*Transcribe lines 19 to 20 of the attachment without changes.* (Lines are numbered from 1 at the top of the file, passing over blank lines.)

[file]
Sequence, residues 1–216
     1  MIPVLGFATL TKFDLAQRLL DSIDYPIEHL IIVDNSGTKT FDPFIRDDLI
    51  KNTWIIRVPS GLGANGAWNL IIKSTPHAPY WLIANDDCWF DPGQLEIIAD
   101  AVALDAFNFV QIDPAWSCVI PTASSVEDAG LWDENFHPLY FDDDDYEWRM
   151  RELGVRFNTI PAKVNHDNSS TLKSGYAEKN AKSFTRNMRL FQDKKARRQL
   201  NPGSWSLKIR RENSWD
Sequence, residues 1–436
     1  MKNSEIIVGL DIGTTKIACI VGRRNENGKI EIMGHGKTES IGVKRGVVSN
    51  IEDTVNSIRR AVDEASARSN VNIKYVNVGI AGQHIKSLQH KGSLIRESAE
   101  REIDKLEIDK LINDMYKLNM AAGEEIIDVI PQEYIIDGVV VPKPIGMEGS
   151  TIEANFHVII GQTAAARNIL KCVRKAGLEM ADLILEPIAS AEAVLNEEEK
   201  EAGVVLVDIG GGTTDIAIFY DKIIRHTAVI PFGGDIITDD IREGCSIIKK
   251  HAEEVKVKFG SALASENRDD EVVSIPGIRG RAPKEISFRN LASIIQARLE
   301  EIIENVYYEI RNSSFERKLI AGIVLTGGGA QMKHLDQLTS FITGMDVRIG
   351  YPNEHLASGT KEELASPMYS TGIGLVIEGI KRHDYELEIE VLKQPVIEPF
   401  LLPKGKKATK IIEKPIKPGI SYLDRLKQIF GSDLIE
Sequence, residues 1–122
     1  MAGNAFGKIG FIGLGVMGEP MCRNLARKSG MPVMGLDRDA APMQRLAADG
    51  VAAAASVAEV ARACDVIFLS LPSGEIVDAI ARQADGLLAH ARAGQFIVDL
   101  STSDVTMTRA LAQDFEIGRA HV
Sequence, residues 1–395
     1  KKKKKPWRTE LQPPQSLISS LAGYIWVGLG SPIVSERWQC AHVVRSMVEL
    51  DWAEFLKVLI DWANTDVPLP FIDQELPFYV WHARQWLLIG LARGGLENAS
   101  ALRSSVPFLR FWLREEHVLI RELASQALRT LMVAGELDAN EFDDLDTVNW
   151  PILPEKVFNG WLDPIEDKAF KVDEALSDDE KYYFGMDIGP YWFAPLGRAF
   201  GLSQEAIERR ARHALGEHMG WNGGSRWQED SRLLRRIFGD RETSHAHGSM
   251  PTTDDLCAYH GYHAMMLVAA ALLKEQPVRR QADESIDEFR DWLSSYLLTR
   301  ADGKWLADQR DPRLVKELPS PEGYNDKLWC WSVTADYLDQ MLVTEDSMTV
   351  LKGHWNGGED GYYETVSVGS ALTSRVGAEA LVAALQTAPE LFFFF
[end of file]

    51  VAAAASVAEV ARACDVIFLS LPSGEIVDAI ARQADGLLAH ARAGQFIVDL
   101  STSDVTMTRA LAQDFEIGRA HV